Sporobolus heterolepis 'Morning Mist'

Common Name: prairie dropseed 
Type: Ornamental grass
Family: Poaceae
Zone: 3 to 9
Height: 1.50 to 3.00 feet
Spread: 2.00 to 2.50 feet
Bloom Time: August to October
Bloom Description: Pale brown
Sun: Full sun
Water: Dry to medium
Maintenance: Low
Suggested Use: Ground Cover, Naturalize
Flower: Showy, Fragrant
Leaf: Good Fall
Attracts: Birds
Other: Winter Interest
Tolerate: Drought, Clay Soil, Shallow-Rocky Soil, Black Walnut


Easily grown in average, dry to medium, well-drained soils in full sun. Tolerates wide range of soils, including heavy clays. Prefers dry, rocky soils. Good drought tolerance. Slow-growing and slow to establish. May be grown from seed but does not freely self-seed in the garden.

Noteworthy Characteristics

Sporobolus heterolepis, called prairie dropseed, is a clump-forming, warm season, Missouri native perennial grass which typically occurs in prairies, glades, open ground and along railroads throughout much of the State (Steyermark). This is a prairie grass that is native from Quebec to Saskatchewan south to Colorado, Texas and Connecticut. Fine-textured, hair-like, medium green leaves (to 20” long and 1/16” wide) typically form an arching foliage mound to 15” tall and 18” wide. Foliage turns golden with orange hues in fall, fading to light bronze in winter. Open, branching flower panicles appear on slender stems which rise well above the foliage clump in late summer to 30-36" tall. Flowers have pink and brown tints, but are perhaps most noted for their unique fragrance (hints of coriander). Tiny rounded mature seeds drop to the ground from their hulls in autumn giving rise to the descriptive common name.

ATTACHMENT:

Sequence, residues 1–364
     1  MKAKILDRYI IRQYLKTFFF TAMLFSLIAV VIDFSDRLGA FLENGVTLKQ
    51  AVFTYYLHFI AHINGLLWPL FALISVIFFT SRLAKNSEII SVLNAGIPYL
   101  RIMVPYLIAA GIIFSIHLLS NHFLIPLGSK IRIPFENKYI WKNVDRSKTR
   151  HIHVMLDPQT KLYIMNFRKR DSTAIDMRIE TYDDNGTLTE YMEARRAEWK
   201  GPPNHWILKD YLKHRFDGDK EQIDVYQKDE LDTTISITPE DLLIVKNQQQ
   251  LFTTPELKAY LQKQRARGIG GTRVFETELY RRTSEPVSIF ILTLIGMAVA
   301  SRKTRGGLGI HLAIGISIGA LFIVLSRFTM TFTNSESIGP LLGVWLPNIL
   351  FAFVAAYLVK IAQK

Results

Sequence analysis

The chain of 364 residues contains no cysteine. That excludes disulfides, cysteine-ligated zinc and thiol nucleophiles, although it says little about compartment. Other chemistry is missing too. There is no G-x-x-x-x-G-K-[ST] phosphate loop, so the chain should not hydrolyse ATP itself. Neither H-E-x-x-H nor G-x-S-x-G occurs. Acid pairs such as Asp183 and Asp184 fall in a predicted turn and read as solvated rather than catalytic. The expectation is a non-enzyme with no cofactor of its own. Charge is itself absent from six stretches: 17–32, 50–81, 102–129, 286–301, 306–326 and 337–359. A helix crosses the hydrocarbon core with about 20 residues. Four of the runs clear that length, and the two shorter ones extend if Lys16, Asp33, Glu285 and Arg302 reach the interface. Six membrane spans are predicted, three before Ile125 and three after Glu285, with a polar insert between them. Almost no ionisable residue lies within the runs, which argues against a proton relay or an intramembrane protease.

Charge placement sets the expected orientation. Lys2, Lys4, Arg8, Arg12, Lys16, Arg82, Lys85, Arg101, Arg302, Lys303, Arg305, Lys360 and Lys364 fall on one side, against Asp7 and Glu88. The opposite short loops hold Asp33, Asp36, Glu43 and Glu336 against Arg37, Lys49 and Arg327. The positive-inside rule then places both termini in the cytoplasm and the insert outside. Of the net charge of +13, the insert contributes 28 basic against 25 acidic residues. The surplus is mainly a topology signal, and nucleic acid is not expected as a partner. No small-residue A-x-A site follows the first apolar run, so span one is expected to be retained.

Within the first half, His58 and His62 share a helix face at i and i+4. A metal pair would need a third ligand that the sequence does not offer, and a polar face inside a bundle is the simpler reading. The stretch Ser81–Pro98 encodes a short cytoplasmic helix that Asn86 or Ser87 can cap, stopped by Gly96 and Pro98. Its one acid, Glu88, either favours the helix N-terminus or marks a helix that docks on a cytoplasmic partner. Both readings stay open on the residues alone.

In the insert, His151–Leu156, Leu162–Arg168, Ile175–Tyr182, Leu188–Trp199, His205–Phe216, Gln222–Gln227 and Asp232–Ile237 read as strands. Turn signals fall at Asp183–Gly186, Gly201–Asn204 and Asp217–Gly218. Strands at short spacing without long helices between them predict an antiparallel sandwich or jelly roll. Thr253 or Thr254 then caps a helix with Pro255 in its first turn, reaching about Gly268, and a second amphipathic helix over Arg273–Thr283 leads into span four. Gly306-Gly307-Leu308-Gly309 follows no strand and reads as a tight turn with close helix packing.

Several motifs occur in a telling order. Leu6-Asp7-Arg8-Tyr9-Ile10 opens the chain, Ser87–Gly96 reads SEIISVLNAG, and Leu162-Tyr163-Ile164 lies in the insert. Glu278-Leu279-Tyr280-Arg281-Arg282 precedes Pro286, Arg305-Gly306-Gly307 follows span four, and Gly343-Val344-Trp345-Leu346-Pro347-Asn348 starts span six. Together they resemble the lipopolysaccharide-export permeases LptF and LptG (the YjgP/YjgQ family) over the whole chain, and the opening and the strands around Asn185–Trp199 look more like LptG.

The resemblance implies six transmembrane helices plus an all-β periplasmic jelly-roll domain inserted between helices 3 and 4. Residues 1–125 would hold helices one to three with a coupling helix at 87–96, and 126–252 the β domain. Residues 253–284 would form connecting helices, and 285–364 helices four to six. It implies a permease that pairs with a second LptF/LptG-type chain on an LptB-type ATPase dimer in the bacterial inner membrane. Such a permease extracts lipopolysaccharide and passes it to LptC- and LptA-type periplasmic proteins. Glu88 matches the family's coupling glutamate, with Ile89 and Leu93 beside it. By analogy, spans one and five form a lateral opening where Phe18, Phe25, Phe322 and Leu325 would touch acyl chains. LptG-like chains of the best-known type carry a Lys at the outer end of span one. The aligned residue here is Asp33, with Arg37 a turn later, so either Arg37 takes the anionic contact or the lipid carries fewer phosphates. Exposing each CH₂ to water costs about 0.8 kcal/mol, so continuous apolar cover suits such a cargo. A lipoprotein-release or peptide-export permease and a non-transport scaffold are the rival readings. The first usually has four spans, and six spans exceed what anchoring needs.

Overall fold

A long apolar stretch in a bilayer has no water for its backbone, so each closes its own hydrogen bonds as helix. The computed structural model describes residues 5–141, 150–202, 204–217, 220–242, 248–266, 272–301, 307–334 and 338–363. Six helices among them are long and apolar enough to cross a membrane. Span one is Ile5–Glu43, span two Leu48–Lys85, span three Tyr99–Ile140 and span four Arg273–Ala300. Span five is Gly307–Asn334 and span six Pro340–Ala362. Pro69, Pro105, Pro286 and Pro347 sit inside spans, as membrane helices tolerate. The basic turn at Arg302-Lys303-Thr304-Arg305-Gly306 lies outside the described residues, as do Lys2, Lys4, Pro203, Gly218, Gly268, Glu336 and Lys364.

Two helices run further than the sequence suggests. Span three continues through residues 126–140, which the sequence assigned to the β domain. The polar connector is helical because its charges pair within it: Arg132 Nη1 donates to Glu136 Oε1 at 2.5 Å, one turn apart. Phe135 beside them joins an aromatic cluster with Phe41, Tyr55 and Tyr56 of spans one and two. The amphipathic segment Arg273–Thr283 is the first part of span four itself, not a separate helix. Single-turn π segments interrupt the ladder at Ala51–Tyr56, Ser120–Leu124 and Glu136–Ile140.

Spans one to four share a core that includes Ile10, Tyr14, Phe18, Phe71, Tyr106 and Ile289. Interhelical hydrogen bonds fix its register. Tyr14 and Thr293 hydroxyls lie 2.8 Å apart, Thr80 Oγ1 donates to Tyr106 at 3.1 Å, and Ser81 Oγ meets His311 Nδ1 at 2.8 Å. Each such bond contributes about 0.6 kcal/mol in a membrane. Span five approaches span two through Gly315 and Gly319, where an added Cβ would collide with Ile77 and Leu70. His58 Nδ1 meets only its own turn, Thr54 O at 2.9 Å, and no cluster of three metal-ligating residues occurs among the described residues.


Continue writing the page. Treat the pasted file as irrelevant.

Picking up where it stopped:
The genus name Sporobolus comes from the Ancient Greek sporos meaning "seed" and ballo meaning "to throw", in reference to how easily the ripe seeds are released.

Specific epithet means diversely scaled.

'Morning Mist' features upright, red, flowering culms (stems) which bear airy panicles with gently arching, fine foliage. Mature clumps will reach around 1.5-2' tall and 2-2.5' wide. The 2-3' long flowering culms rise above the foliage clumps at a uniform height and tend to stay upright rather than drooping as the seed ripens. The leaves turn golden yellow in fall. This plant is protected by patent number PP14344.


No serious insect or disease problems.


Ground cover for hot, dry areas. Prairies, meadows, native plant gardens, wild areas or slopes. Also effective in large rock gardens. Accent for foundation plantings or borders.